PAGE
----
IAQ

Reimagining Air Purification in Classrooms After COVID-19

Pandemic brings renewed focus on importance of indoor air quality in schools.

From adjusting to hybrid learning models to sanitizing desks between classes to wearing personal protective equipment, the way classrooms operate has changed due to COVID-19. As the vaccine slowly rolls out across the country, faculty, parents, and students are all wondering what classroom changes are here to stay in 2021 and beyond.

air purification 

PHOTO CREDIT DENIS STAROSTIN

One thing that will certainly remain a top priority for the foreseeable future is maintaining clean and sanitary public places, including classrooms. Most notably, the pandemic has vastly increased awareness of the importance of indoor air quality. During the onset of the virus, it was quickly confirmed that COVID-19 is an airborne virus, and maintaining proper indoor air quality became a top concern.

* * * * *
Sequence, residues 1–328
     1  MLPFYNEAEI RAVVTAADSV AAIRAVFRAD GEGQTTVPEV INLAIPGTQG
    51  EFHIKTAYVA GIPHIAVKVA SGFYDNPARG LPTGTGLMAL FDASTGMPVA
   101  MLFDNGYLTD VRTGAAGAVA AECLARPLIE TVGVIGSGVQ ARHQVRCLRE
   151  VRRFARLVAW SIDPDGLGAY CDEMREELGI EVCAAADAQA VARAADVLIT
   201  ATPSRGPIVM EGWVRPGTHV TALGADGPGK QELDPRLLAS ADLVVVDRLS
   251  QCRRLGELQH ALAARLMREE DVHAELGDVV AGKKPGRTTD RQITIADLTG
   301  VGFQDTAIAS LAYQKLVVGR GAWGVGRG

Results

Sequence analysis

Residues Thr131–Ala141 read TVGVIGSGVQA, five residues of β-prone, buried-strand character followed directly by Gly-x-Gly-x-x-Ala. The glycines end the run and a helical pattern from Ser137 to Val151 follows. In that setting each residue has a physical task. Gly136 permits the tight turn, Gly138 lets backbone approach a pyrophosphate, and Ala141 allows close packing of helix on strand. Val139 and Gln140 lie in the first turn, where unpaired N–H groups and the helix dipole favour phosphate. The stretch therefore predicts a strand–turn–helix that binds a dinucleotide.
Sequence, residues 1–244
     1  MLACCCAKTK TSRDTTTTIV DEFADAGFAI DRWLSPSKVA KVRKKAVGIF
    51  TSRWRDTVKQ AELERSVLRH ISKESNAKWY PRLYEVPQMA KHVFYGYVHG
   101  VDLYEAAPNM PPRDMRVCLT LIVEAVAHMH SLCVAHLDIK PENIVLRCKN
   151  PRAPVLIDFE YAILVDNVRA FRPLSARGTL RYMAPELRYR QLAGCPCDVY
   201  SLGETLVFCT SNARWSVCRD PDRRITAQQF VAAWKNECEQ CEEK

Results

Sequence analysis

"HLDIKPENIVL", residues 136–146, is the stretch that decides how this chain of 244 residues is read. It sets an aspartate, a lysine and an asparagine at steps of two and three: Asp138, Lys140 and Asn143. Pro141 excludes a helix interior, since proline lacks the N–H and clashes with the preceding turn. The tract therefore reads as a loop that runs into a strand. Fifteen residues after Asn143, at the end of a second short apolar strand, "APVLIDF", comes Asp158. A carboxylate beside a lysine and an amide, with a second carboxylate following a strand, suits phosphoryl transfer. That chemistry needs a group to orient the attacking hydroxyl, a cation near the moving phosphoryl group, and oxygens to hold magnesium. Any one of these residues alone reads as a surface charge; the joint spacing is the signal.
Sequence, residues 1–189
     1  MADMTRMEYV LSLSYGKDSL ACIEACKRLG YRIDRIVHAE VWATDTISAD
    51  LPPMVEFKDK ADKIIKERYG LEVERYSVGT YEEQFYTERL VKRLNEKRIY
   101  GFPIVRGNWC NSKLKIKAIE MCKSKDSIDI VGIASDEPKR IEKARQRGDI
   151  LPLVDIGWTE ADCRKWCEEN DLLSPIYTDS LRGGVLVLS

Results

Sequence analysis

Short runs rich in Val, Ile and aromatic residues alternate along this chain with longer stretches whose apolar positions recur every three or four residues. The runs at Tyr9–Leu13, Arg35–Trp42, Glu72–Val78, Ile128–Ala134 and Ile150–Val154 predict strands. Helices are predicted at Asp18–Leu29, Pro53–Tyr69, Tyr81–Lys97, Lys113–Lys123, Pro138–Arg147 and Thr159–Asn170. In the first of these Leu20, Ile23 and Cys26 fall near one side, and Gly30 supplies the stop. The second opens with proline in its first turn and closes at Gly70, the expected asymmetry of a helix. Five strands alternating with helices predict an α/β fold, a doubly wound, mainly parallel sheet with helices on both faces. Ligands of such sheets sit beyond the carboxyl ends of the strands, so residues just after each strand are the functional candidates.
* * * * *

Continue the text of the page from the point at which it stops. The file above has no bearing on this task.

Upgrading HVAC systems is one way for school systems to maintain indoor air quality, although installation can be costly and may not be feasible for all. Additionally, HVAC systems are designed to accommodate comfort by controlling humidity and temperature, not airborne pathogens such as COVID-19. Adding a high-grade air purifier to a classroom is a simple yet effective way to ensure the indoor air is free of contaminants.

When it comes to clean air in the classroom, there are four main components worth considering as educational environments continue to adapt and change to prioritize indoor air quality. These components are performance, size, sound, and design.

Growing, Thinking and Learning